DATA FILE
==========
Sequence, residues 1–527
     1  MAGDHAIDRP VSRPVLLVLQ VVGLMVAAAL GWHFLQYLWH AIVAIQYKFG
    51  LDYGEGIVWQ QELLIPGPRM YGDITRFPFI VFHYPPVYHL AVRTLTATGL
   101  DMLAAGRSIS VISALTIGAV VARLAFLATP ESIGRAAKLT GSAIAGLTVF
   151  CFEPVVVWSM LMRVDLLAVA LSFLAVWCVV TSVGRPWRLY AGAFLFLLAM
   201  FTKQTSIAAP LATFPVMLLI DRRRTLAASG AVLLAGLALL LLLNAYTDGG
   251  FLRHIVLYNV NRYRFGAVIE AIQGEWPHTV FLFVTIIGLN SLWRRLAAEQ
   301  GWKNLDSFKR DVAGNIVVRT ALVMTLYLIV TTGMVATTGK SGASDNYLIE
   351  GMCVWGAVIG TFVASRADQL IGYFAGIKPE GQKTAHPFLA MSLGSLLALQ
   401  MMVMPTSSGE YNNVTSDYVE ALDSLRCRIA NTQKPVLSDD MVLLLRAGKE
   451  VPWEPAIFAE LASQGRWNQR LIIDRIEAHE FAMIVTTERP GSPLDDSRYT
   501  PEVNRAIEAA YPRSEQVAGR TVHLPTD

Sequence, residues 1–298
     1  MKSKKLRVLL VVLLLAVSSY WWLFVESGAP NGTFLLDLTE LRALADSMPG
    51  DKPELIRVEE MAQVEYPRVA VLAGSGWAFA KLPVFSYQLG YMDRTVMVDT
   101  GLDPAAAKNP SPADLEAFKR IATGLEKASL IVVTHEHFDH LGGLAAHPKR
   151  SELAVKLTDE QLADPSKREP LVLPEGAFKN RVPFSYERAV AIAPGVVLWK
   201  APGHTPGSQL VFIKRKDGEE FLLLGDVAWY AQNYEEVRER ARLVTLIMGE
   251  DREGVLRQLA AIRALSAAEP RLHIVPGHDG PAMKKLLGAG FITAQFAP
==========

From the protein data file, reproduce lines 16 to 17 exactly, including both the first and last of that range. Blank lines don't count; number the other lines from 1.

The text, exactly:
   101  GLDPAAAKNP SPADLEAFKR IATGLEKASL IVVTHEHFDH LGGLAAHPKR
   151  SELAVKLTDE QLADPSKREP LVLPEGAFKN RVPFSYERAV AIAPGVVLWK